Fig. 4. Decision point
Following the FAT meeting, we move on to work on the installation site. First, we start with mechanical assembly and then electrical work, including the installation of control cabinets. Then, we proceed to the system start-up. We carry out tests and acceptance of the installation, as well as provide training for the system operators.
Automated Sorters: Our Two Most Frequently Used Types
Below we would like to present you the two versions of an automated sorter, whose main task is to transport packages to their appropriate destinations where product completion for shipment to specific locations takes place. The system is capable of identifying a package by scanning the barcode placed on it, and after communicating with the WMS system, it can send the product to the appropriate location based on the information received from the higher-level system.
Sorter is fed by inbound lines. The amount of these lines is dependent on needed throughput of the system. Lines are operated by employees who work at feeding workstations. All inbound lines are merged to one main line, which transports the products to the sorter.
1. STANDARD version
Fig. 5. Standard sorter
This sorter, presented in the illustration, is designed to handle the flow of products with a capacity of up to 2000 per hour. The capacity can be increased by adding additional sorting lines. It handles cartons, crates, and trays and is built with conveyors and roller drops. It is adapted to products with dimensions from 200x150x50mm to 800x800x800mm that weigh from 0.5kg to 30kg.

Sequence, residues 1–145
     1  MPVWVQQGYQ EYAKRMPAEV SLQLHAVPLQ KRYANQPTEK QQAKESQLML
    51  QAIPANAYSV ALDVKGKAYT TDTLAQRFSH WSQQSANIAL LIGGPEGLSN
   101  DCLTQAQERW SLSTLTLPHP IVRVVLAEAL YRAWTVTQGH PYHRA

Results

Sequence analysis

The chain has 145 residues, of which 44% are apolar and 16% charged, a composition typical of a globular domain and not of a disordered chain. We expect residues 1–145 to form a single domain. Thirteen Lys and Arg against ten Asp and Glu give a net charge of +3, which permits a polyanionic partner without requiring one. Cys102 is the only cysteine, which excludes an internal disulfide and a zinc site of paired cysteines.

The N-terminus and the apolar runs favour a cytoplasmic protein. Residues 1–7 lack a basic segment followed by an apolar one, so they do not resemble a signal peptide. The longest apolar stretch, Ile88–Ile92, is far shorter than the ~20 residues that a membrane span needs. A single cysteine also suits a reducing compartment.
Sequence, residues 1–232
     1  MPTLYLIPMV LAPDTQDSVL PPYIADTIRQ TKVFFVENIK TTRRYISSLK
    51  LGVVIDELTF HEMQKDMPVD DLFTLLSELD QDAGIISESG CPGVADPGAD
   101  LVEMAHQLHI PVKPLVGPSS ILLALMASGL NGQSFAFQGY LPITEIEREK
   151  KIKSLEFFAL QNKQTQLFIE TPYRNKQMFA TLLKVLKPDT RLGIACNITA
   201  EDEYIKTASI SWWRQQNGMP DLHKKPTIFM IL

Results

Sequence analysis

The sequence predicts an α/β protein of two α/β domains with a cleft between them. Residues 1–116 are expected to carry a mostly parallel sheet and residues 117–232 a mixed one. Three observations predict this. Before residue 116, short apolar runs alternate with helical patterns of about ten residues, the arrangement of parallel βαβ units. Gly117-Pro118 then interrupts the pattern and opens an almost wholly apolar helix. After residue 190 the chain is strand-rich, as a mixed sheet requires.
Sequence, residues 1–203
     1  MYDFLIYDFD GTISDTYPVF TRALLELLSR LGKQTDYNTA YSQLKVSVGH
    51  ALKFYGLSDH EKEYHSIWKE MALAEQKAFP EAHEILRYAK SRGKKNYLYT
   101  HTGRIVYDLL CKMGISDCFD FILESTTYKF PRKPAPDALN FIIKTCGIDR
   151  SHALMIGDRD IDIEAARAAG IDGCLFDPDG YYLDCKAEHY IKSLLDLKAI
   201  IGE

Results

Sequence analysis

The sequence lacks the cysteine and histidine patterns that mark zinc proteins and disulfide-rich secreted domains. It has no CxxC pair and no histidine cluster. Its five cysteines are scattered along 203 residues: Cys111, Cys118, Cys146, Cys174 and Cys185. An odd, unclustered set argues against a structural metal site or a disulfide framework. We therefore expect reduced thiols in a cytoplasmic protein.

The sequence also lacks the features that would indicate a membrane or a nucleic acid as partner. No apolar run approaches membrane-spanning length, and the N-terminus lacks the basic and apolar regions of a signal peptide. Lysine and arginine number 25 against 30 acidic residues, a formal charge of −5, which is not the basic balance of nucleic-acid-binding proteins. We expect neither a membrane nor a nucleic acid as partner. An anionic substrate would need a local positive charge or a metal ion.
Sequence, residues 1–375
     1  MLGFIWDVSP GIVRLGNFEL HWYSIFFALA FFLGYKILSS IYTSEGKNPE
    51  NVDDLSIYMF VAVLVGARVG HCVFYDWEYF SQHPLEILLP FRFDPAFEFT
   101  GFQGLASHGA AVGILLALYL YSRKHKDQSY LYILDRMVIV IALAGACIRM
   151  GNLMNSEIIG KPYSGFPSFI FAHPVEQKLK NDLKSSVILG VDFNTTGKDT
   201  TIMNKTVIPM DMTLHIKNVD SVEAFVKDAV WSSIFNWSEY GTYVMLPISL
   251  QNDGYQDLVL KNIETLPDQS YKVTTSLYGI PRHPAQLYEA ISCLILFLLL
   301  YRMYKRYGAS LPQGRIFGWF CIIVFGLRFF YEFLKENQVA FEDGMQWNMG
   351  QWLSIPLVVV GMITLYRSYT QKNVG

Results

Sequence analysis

Standard system scans a label with a barcode placed at a defined location on the product. After exchanging information with the higher-level WMS system, it directs the product to the appropriate destination. The number of feeding lines, loading stations, and destinations is tailored to each customer’s specific requirements.
2. ADVANCED version
Fig. 6. Advanced sorter
The advanced version of the sorter is designed to handle product flow at a capacity of up to 5000 per hour. It can handle cartons, crates, trays, poly mailers and envelopes. It is adapted to products with dimensions from from 100x150x10mm to 800x800x800mm that weigh from 0.01kg to 30kg. Seeing its parameters, you can easily notice the difference between advanced and standard sorters, based on the increased flow capacity and handled product measurements.
Advanced system, using a scanning tunnel, reads the label with a barcode placed anywhere on the product. After exchanging information with the higher-level WMS system, it directs the product to the appropriate destination. The number of feeding lines, loading stations, and destinations is tailored to individual customer requirements. Additionally, the sorter has a feature of automatic parcel dimensioning, and it is also able to capture the image of each parcel. Thanks to its compact installation size, it can save a lot of the storage space at the warehouse.
Both of the introduced sorters can be tailored to our client’s requirements, and we can also provide consulting when it comes to creating a whole system design and choosing the type of the sorter. We are always open for discussion and modifying the idea of the system.
In the field of intralogistics, we have already completed dozens of projects, gaining extensive knowledge and vast experience in such systems. Despite the difficult supply chain situation, we are glad to say that we have completed all previous projects on time.
If you would like to learn more about the standard and advanced versions of the sorter, we invite you to contact us. We would be pleased to familiarize ourselves with your needs and select the appropriate solution.
See also: Company general overview